By Cody Sullivan
The Garden City Board of Trustees approved a motion to hire legal counsel to explore potential litigation against the MTA and LIRR regarding the third track project. The 5-2 decision [trustee Brian Daughney was absent) came at an Oct. 22 special board meeting at St. Paul’s Cluett Hall following a private meeting with Hempstead Town Supervisor Don Clavin and other lawyers.
“We found the meeting to be informative. We learned a great deal,” Mayor Theresa Trouvé said. “I do think most of us have the feeling that we want to litigate this subject.”
This is the final step before litigation would formally begin. The decision allows the board to retain legal counsel to assess its case against the MTA, give the board an estimated cost of litigation and determine how likely it is to be successful. The board previously voted down a similar measure, opting to wait until it could get more informal legal advice.
“I realize the last time I did not vote in support of hiring an attorney,” Trustee Robert Bolebruch said. “After our meeting with Mr. Clavin, and totally understanding the landscape of what we’re going through, I will absolutely support hiring an attorney with the intention of going through with litigation.”
The third track project has for months been met with opposition from Garden City residents as well as the board of trustees. Residents claim the construction has resulted in excessive removal of vegetation and the overall reduction in property values.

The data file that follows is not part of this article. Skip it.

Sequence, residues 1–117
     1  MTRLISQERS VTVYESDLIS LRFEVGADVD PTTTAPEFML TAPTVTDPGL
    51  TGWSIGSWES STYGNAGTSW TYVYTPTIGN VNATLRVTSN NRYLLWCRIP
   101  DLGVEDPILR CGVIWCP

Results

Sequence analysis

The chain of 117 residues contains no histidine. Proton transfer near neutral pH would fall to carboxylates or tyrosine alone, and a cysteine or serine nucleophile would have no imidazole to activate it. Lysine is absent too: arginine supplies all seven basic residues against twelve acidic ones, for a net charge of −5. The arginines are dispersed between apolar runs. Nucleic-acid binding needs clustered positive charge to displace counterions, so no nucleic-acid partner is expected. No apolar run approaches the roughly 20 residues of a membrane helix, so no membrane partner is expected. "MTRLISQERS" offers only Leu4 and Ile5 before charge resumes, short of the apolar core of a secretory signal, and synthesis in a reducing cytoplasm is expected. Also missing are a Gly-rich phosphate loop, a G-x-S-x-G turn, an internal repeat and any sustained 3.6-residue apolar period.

One major source of controversy has been the so-called “monster-poles” installed on the south side of the train tracks, which they [residents] say received little information about prior to construction.
“They knew they were going to put those poles up, they should have contacted, at least the people in the estates,” Trouvé said. “They should have brought you in and spoken to you.”
According to the MTA, there was an extensive environmental review and public outreach done prior to construction.
“Since 2016, the project team has held hundreds of public meetings to discuss the scope of project elements and has met with village boards, propertyowners’ associations, school districts, civic associations, business owners, residents and other stakeholder groups,” MTA spokesperson Meredith Daniels said.
The utility poles are being built by contractors hired by the MTA, but ownership will transfer to PSEG upon completion. Also under dispute is whether the lines that will connect the poles could have been buried underground.
“We also wish that the poles were not there and had pushed all along for the MTA/LIRR to bury lines where it could. The MTA/LIRR and its contractors did not meet those wishes and requests,” the Garden City Board of Trustees said in a statement.
Daniels says that the project has buried utilities where feasible and any vegetation removed from village property will be replaced.
“It’s possible vegetation and trees may be removed anywhere along the LIRR right-of-way because they present a hazard by blocking equipment and falling during weather events,” Daniels said. “Too many falling leaves cause dangerous “slip and slide” conditions for moving trains.”
The board expects to come to a final decision on whether to litigate in the coming days. Trustees are uncertain whether that decision will be made in a public forum. That will depend on what advice they receive from the special counsel, they said.